3. Speaking in Body Language
The tales our bodies tell about how we feel, often without our express permission, are pure gold to a writer. Micro-expressions, tics and sweats, darting eyes and throbbing veins all give us away. These “tells” come from the limbic brain, where emotion rules. They are raw, unfiltered by the cortex.
How much more powerful than “telling” is showing the reader a character’s interior feelings through the way he sits stiff with tension, or squirms with impatience, or slumps with grief. You can even delete most of the unneeded explanatory words. If a person is waiting for something to happen and is squirming in a chair, we know he’s impatient.
After all, most of the word “emotion” is made up of “motion”.
Thanks to a book recommendation from my wonderful long-time friend Della, another survivor of the marketing communications profession who is now writing for herself, I found the biggest gem of my quest for a breadcrumb trail to the heart. The Emotion Thesaurus by Angela Ackerman and Becca Puglisi is a crash course in body language. It takes a long list of feelings, from Adoration to Worry, and provides physical signals, internal sensations, mental responses and other cues for each emotion. It’s a great resource, unique among the books for writers that I’ve seen.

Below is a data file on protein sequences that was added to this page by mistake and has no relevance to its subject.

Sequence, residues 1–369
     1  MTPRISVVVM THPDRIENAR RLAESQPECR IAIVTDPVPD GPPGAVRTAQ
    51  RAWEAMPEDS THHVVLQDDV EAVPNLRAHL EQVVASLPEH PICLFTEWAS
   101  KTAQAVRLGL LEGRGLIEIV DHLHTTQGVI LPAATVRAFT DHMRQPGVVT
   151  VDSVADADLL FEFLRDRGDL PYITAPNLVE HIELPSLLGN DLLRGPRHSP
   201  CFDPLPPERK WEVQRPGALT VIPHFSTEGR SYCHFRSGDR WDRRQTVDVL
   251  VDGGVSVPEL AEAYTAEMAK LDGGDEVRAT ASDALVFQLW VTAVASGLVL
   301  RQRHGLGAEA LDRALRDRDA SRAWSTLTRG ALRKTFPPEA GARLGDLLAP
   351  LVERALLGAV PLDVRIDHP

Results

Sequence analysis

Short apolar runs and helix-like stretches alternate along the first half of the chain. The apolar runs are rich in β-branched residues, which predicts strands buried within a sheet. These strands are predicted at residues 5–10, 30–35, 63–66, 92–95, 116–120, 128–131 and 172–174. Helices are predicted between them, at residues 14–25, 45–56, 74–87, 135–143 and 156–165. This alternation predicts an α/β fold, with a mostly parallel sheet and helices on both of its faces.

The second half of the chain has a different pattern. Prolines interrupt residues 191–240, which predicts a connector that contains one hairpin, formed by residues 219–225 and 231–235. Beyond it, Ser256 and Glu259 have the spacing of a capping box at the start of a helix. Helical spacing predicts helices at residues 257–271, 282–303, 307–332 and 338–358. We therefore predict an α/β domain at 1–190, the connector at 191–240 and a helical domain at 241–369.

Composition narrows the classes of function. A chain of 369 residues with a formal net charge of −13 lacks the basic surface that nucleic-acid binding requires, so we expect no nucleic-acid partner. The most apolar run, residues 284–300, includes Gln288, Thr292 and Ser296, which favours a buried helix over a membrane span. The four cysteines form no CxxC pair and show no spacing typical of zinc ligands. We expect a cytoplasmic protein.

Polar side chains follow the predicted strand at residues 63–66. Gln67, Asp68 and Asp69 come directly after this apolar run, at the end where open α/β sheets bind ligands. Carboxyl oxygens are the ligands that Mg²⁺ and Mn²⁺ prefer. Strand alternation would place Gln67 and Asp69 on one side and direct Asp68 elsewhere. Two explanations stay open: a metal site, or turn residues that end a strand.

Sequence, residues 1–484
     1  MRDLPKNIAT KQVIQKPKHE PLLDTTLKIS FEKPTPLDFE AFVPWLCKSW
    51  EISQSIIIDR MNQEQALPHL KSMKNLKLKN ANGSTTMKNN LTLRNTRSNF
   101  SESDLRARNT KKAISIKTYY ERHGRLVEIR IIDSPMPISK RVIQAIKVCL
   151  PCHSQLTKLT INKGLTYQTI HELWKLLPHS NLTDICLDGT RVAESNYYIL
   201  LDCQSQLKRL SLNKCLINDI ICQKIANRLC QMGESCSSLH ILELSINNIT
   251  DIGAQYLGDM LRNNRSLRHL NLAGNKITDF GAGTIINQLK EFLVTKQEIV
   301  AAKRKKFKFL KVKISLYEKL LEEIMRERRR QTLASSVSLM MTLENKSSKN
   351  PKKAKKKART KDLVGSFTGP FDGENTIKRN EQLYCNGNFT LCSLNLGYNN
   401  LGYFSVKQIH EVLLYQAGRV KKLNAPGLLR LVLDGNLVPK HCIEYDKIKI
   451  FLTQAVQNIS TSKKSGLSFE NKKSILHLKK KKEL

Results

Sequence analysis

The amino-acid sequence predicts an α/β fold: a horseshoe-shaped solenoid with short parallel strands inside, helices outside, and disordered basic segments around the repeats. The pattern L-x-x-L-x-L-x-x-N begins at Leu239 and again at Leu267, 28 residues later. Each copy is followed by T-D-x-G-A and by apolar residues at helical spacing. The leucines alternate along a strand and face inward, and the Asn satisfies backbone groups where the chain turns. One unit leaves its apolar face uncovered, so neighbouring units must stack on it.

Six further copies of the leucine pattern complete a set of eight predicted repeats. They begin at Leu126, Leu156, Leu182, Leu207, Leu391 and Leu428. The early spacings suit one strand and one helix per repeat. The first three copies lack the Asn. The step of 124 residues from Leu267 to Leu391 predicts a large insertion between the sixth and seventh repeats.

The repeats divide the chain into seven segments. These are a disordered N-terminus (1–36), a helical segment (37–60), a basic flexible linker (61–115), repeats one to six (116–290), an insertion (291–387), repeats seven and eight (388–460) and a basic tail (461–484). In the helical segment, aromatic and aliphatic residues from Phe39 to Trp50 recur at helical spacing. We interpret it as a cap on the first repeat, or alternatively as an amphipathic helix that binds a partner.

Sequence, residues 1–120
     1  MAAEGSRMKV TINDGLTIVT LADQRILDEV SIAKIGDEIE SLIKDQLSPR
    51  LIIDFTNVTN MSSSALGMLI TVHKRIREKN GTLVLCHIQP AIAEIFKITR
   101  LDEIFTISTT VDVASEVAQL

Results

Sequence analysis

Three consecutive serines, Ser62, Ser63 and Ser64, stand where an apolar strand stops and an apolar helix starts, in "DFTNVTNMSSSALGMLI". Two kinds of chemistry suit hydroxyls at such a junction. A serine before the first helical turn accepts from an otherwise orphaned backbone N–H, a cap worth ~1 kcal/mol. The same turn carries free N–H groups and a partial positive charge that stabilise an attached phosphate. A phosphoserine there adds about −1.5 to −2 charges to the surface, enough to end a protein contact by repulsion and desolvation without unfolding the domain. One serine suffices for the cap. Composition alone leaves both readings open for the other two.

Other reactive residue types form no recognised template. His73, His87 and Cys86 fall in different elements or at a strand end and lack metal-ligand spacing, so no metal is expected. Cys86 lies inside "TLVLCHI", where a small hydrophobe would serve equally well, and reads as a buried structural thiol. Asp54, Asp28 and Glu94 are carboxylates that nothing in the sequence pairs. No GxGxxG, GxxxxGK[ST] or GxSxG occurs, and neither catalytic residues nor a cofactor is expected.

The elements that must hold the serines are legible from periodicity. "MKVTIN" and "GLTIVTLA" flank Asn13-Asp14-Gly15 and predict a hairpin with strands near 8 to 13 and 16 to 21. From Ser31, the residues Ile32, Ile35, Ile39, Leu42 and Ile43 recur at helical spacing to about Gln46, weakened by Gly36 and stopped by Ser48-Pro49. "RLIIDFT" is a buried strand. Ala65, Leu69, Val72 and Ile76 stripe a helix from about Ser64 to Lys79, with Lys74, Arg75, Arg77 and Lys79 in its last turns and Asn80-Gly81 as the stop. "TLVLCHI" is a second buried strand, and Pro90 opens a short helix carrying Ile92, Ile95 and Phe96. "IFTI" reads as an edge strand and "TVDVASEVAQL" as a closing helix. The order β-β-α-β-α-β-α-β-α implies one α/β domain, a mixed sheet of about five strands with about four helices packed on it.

Here’s an example of an emotion I had on my top 10 list: Embarrassment, which the book defines as “a lack of composure due to self-conscious discomfort.” A random sampling of physical signals from their long list:
- A flush that creeps across the cheeks
- The body freezing in place
- Grimacing or swallowing
- A bent spine
- The chest caving
- Covering oneself (crossing the arms, closing a jacket)
- Flinching away from touches
- A weakened voice
- Knees pulling together
- Looking down, unable to meet someone’e eyes
- Shoving hands in pockets
- A walk that accelerates into a sprint
- Glancing about for help, an exit, or escape
- (And my favourite) … Hiding behind a book
May your writing be amply laced with breadcrumb trails that go straight to the heart of your characters’ emotions!